Category CoDe:U Git Flow Cookbook  
By:  Lars Kruse  
On: Saturday, October 24. 2015

Rewriting history - and other aliases

Since the pretested integration commit now supports that well-prepared development branches with just one single commit are being merged (as opposed to squased) and the commit message is reused, it should really encourage developers to actually rewrite the history on their development branch to be exactly right. This approach improves the readability of the git history and at the end of the day contributes to better documentation of work process.

This recipe will go through the process of rewriting history and reveal a few git aliases that you can set up to greatly improve efficiency in general.

The typical use case

Imaging that the typical work flow for a developer is similar to this one described here - indented bullets are optional:

  • Create new local branch for the assignment
  • hack + commit
    • hack hack + commit
    • Rewrite your local not-delivered history to just one single commit
  • Push to a ready/* branch
  • End of life for your local branch - don’t use it any more
    • Unless your push is rejected and you need to fix something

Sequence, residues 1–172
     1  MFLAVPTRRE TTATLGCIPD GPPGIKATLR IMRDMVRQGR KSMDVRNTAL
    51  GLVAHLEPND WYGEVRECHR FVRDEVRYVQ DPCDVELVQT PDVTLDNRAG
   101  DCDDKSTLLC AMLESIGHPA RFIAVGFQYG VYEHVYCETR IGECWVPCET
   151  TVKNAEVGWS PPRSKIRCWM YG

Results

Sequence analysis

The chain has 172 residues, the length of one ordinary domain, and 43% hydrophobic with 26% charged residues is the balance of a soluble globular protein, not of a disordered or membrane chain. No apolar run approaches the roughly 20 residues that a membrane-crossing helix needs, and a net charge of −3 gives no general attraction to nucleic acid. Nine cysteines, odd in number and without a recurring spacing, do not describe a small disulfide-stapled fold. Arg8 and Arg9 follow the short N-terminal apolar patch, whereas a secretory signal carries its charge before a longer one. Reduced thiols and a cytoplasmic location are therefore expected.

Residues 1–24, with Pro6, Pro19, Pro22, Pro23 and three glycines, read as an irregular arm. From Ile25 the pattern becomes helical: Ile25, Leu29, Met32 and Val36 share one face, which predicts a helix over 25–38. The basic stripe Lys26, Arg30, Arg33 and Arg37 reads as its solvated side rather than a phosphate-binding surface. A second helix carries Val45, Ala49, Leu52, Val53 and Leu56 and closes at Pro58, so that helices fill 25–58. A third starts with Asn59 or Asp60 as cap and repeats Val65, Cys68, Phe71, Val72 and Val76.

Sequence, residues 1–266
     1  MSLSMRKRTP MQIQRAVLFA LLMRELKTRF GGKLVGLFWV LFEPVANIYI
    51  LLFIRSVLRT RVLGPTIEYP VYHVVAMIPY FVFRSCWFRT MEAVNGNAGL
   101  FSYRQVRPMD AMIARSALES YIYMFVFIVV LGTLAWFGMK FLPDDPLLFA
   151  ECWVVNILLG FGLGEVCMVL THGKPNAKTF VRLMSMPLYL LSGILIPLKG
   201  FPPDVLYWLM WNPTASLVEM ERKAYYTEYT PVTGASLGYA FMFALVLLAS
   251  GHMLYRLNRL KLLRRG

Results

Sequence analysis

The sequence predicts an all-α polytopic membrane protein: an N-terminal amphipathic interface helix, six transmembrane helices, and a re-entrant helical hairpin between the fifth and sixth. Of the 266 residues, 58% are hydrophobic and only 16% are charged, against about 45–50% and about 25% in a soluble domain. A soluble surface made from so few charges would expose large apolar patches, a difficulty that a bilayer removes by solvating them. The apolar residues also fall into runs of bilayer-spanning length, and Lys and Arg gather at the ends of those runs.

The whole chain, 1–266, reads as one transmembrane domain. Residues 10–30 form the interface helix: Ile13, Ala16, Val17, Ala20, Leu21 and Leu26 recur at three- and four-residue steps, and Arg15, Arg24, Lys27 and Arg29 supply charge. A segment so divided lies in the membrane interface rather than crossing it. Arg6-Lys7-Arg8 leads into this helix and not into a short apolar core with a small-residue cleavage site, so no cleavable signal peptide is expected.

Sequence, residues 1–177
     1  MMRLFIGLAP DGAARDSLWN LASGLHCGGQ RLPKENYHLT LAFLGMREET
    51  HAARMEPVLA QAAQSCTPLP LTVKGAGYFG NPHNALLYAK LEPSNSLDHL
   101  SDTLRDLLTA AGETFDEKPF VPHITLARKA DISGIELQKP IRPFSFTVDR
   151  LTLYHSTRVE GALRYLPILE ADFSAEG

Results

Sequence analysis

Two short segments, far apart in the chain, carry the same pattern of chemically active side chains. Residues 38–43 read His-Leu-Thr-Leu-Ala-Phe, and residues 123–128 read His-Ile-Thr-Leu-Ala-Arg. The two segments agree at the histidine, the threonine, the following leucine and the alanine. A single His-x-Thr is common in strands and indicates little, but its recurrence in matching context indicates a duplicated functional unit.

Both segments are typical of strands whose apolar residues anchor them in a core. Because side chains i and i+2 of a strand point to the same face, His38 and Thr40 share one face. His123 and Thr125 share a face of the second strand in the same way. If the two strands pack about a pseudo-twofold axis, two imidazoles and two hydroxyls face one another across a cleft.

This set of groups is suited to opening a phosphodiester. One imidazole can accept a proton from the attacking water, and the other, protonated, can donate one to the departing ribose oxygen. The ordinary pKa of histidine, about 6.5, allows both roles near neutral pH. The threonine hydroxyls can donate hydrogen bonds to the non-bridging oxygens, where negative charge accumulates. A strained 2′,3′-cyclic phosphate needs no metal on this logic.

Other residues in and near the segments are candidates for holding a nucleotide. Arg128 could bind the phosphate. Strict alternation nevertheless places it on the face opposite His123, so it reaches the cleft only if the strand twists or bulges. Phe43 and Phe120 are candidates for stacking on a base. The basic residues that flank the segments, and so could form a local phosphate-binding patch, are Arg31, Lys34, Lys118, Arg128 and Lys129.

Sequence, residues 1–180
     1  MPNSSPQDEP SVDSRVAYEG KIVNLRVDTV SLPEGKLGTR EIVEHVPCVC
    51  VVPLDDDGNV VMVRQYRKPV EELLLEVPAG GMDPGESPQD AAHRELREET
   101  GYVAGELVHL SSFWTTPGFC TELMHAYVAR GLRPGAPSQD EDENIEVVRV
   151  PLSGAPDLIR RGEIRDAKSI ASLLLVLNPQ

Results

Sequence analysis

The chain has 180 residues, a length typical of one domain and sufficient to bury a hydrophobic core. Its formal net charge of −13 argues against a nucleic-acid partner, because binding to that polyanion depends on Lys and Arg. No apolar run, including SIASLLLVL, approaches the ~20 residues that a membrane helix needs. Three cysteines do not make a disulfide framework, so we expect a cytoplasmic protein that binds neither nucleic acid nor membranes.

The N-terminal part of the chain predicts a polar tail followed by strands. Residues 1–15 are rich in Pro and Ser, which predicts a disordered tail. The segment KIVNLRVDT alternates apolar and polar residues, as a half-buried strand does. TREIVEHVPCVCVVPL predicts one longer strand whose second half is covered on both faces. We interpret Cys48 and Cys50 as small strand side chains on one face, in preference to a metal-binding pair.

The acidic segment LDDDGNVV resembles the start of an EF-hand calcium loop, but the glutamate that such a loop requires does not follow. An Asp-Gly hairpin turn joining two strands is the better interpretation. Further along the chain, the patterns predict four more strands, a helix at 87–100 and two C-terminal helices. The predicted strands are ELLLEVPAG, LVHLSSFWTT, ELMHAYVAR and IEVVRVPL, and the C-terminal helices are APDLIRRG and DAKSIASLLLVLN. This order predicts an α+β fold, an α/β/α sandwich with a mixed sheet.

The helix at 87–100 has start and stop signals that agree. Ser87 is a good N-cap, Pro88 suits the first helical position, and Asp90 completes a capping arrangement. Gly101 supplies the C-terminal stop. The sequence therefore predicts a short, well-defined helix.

Optimizing the workflow using git aliases

Now that the typical work flow is established you’ll find yourself doing the same series of git commands over and over again and since we’re CoDers we obviously want to automate these.

Git has build in support for aliases.

To set an alias in git you can either use the git config --global command or simply edit the .gitconfig in your home directory.

An obvious one to start with is to shorten checkout to just co it can be done like this:

>git co master
git: 'co' is not a git command. See 'git --help'.
>git config --global checkout
>git co master
Switched to branch 'master'

The command git config --global checkout writes the key/pair value in the [alias] section of your .gitconfig file which now contains:

    co = checkout

If you want to add aliases directly in the .gitconfig file you can run the command git config --global --edit and if you would rater want to use another editor than the default (vi). You can change it - in the .gitconfig file of course.

I use the Atom editor so I did:

git config --global core.editor atom

Branch tree from command line

I like using git from my command line and I often like to glance at the branch tree to see the context I’m working in.

I have create and alias for tree that shows the following tree

Tree sample

The tree is made from a pretty-formated output from the git log command. The alias is this:

  tree = log --graph --full-history --all --color --date=short